Why are the skeletons of amphibians interesting?

 Amphibian’s skeletons are made of bones. They have fewer bones than their fishy ancestors, and over the years, the evolutionary changes in the amphibian family have gone in two directions. The frog family has a broad head, large eye sockets, short spine, no tail, and long hind legs. The caecilian group has skeletons with small tubular skulls, tiny eye sockets, long spines, and no legs at all.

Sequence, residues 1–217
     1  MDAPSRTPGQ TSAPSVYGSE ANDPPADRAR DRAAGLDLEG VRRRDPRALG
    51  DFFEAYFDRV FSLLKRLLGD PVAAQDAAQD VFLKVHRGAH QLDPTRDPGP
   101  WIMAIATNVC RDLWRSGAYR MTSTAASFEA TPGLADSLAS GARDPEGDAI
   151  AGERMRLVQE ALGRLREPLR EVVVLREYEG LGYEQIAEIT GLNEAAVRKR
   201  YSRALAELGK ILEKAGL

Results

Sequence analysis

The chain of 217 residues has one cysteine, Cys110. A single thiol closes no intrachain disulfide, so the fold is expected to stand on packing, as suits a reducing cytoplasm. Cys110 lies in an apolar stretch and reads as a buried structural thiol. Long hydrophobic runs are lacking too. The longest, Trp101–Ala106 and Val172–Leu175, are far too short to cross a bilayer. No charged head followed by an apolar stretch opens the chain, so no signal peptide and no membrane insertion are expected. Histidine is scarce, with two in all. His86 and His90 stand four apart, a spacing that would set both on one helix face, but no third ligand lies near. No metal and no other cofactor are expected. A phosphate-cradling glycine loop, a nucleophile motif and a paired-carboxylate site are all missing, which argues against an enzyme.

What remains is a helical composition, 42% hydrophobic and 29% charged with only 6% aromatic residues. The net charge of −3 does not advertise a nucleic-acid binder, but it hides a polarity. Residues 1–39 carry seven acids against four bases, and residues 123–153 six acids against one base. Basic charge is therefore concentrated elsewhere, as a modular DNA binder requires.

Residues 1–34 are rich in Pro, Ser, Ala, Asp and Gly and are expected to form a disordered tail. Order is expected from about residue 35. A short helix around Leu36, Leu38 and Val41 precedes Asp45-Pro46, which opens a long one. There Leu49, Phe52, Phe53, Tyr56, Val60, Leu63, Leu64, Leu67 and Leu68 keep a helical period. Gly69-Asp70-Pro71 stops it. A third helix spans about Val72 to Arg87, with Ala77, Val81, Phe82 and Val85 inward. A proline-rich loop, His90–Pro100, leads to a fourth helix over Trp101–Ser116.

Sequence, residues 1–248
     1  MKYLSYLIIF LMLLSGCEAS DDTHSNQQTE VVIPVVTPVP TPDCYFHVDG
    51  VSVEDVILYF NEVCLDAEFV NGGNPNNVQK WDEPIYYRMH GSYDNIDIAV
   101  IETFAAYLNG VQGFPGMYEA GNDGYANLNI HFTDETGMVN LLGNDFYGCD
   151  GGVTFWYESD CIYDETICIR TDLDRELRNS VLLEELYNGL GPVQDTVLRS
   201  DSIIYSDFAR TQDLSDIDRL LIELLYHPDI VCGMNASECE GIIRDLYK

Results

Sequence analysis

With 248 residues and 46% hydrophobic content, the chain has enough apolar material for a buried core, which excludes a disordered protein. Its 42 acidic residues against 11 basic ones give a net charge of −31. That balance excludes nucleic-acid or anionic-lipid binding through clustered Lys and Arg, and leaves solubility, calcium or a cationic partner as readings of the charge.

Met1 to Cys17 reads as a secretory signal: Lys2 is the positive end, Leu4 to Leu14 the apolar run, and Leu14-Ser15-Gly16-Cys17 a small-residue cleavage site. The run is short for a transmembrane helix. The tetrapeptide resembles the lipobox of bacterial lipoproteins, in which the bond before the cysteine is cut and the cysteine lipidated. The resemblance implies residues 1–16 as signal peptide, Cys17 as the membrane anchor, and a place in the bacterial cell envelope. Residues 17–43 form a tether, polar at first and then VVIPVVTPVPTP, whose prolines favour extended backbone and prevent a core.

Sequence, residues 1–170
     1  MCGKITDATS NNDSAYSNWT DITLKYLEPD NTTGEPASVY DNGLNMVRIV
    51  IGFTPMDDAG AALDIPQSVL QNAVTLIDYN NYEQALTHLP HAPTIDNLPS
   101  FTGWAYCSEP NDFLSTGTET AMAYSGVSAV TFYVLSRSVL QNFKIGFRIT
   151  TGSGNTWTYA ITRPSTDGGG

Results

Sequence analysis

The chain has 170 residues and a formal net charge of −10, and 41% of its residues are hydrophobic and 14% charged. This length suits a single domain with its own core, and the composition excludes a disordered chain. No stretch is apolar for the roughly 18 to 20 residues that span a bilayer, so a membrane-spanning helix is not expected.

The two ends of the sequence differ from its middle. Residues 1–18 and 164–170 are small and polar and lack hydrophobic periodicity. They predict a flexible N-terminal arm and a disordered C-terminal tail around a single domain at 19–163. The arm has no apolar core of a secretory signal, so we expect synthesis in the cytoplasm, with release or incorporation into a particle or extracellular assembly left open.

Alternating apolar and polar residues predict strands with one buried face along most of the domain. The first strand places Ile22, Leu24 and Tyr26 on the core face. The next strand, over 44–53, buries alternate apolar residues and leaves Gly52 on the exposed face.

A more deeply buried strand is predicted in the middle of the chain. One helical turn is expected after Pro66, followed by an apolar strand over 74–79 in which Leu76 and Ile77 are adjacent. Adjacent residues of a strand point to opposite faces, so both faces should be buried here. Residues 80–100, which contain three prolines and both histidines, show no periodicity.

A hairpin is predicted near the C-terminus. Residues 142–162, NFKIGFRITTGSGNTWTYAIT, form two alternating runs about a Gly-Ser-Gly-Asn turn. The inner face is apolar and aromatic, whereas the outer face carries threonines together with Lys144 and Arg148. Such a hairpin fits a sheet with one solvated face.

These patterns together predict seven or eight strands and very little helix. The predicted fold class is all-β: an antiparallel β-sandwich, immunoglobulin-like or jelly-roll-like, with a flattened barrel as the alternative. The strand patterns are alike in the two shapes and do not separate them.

The skeletons of salamanders and newts are adapted for a primitive form of walking. A frog’s skeleton, on the other hand, is specially adapted for leaping and swimming. The backbone is the base of an amphibian’s skeleton, and is made of vertebrae. Ribs still remain underdeveloped. By comparing the skeleton of modern amphibians with the fossils of ancient ones, it is possible to determine the era in which they lived.